God’s Gold: A Quest for the Lost Temple Treasures of Jerusalem by Sean Kingsley.
    He claims that the Romans built the Colosseum with the gold they took from the Temple in Jerusalem. The Colosseum was finished 9 years after the Temple was destroyed. The Colosseum was a temple to brutality, and it still stands.

    1. Jonathan Lipnick

      Heather, yes that is true the Colosseum in Rome was largely built by Jewish slaves using the spoils from the destruction of Jerusalem. While I agree with you that it would be fascinating to see the Temple standing today, who knows what would have happened if the Jews had not rebelled against Rome? Perhaps they would have simply been absorbed into the majority pagan culture of the Empire which eventually converted to Christianity. It might have been the longing for the Temple that preserved Judaism over the past 2000 years! It is always hazardous to play the “what if” game when considering history.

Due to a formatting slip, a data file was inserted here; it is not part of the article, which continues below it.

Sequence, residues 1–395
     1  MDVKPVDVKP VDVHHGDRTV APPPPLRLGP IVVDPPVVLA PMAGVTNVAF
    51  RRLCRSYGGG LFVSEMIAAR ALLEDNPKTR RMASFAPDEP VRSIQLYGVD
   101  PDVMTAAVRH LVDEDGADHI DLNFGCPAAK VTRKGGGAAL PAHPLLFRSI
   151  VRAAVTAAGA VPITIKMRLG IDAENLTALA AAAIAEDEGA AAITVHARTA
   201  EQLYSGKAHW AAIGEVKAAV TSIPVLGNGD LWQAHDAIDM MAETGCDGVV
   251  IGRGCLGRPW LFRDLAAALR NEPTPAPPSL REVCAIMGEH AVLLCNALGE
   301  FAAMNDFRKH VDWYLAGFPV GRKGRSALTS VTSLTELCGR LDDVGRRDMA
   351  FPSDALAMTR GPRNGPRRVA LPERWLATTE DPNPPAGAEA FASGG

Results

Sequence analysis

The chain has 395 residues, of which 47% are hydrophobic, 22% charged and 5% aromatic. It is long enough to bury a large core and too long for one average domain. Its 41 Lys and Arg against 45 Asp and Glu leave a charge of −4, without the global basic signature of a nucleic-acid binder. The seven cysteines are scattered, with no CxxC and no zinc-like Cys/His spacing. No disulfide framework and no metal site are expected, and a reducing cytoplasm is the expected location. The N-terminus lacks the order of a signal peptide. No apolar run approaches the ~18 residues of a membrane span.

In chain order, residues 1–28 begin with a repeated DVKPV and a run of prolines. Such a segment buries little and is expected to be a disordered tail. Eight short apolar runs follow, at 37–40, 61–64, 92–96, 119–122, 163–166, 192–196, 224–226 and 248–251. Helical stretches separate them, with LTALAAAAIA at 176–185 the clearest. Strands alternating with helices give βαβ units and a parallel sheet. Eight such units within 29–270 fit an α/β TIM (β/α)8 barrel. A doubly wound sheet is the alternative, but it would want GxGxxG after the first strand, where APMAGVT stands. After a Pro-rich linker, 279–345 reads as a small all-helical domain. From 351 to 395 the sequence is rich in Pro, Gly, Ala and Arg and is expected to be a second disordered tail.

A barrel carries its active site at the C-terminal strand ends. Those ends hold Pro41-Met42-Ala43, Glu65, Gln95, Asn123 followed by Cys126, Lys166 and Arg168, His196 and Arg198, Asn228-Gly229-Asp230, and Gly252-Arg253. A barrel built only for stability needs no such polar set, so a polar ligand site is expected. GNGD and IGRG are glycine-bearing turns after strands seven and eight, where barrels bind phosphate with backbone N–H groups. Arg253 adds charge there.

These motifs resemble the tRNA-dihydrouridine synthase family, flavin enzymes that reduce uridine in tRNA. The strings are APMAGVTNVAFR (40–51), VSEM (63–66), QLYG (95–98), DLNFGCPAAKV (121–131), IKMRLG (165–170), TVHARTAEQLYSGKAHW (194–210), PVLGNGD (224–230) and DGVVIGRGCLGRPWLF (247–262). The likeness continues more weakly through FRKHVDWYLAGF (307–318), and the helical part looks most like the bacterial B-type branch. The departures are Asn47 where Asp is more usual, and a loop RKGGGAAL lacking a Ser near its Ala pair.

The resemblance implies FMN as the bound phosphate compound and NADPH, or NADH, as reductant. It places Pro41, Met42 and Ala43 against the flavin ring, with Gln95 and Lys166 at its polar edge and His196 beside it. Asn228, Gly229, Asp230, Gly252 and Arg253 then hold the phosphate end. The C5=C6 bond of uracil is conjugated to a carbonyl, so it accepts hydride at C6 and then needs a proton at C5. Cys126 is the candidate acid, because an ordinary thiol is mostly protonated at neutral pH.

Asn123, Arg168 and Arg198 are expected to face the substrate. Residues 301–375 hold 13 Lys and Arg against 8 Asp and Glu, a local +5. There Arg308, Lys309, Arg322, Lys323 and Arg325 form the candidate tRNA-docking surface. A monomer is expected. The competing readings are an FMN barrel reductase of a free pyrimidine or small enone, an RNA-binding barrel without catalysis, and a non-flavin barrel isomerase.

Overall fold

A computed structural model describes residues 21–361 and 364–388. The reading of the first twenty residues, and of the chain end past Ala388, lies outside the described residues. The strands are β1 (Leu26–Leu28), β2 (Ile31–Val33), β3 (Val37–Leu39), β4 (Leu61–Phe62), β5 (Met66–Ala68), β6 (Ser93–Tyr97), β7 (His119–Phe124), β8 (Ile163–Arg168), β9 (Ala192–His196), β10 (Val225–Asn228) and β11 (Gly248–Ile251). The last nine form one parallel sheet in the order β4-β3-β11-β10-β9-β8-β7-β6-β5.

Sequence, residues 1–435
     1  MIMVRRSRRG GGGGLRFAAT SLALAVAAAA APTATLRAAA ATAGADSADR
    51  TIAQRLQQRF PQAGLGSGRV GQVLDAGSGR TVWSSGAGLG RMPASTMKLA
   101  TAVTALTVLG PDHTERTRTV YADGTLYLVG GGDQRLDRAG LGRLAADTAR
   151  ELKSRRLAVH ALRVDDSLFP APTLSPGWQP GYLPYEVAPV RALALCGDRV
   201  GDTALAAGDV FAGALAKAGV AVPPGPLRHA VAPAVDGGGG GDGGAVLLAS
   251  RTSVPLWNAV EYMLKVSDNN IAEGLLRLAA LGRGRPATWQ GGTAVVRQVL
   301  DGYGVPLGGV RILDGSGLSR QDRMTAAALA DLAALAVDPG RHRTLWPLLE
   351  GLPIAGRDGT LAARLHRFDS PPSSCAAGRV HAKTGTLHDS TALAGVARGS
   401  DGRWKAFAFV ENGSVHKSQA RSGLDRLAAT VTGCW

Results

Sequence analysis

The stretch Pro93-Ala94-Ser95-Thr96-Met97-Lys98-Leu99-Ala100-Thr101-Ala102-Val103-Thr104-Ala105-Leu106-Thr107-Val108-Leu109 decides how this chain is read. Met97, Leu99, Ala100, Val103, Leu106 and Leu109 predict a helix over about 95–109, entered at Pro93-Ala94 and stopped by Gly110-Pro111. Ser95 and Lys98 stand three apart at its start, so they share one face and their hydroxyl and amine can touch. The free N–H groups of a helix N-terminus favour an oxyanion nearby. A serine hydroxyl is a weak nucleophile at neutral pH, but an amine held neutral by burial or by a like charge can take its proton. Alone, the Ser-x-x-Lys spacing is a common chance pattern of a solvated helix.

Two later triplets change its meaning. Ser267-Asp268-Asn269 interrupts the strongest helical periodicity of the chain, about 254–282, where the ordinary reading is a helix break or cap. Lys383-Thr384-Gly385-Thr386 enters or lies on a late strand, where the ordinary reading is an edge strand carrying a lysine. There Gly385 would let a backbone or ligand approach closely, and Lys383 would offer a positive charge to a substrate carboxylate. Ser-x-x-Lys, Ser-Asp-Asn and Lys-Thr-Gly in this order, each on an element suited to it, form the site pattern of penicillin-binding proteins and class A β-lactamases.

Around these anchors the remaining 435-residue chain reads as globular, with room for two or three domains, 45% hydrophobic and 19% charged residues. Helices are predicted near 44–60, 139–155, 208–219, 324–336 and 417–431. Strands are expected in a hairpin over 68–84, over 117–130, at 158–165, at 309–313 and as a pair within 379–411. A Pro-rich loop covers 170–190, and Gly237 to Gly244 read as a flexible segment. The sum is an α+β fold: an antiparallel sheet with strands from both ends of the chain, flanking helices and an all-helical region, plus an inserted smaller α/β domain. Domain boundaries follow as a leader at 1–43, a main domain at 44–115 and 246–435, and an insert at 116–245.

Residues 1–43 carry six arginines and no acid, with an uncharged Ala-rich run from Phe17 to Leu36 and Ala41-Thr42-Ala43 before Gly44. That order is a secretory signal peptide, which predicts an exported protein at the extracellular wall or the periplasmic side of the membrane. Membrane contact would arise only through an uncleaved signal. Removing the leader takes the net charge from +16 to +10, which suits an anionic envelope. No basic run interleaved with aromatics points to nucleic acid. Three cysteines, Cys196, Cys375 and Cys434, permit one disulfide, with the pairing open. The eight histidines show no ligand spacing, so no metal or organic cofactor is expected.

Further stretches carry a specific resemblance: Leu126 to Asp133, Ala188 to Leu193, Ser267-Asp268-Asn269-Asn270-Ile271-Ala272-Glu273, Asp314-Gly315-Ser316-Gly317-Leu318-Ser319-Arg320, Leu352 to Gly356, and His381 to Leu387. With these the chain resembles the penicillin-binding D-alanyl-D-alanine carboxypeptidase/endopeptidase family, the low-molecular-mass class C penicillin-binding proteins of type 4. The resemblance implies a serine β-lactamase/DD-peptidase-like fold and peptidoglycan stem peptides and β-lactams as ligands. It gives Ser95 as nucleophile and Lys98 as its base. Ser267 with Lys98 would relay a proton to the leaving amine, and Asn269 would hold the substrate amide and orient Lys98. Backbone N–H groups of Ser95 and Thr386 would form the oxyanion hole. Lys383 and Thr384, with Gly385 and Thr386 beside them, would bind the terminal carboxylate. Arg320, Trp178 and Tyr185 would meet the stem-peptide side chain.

5. Dorothy Healy

    What absolutely extraordinary building accomplishments – shows the real far-sightedness of Herod to embark on such feats.

    1. Jonathan Lipnick

      I agree wholeheartedly. Thanks for reading!

  6. Stephen Dollar

    I am a student of history and the Bible. I love to read article where the author has placed known sites and historical events in the context of their time and peoples. Thank you for these 5 sites and I look forward to reading more in the future.

    1. Jonathan Lipnick

      Stephen, many thanks for the kind words and for your willingness to read the blog. Happy studies!

  7. Jolita